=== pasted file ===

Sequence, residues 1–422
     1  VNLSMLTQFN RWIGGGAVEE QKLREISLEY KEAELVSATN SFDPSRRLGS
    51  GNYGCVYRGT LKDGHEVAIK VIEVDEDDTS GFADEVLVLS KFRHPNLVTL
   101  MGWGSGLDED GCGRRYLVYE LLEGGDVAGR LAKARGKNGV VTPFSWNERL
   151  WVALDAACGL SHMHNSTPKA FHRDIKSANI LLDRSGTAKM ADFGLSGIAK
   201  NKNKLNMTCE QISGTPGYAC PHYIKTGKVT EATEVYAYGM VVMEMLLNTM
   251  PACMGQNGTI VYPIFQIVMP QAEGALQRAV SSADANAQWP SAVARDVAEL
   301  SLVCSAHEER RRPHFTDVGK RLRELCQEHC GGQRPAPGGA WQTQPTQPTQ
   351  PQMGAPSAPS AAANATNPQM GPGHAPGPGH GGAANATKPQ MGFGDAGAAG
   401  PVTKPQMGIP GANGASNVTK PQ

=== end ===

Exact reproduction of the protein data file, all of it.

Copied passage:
Sequence, residues 1–422
     1  VNLSMLTQFN RWIGGGAVEE QKLREISLEY KEAELVSATN SFDPSRRLGS
    51  GNYGCVYRGT LKDGHEVAIK VIEVDEDDTS GFADEVLVLS KFRHPNLVTL
   101  MGWGSGLDED GCGRRYLVYE LLEGGDVAGR LAKARGKNGV VTPFSWNERL
   151  WVALDAACGL SHMHNSTPKA FHRDIKSANI LLDRSGTAKM ADFGLSGIAK
   201  NKNKLNMTCE QISGTPGYAC PHYIKTGKVT EATEVYAYGM VVMEMLLNTM
   251  PACMGQNGTI VYPIFQIVMP QAEGALQRAV SSADANAQWP SAVARDVAEL
   301  SLVCSAHEER RRPHFTDVGK RLRELCQEHC GGQRPAPGGA WQTQPTQPTQ
   351  PQMGAPSAPS AAANATNPQM GPGHAPGPGH GGAANATKPQ MGFGDAGAAG
   401  PVTKPQMGIP GANGASNVTK PQ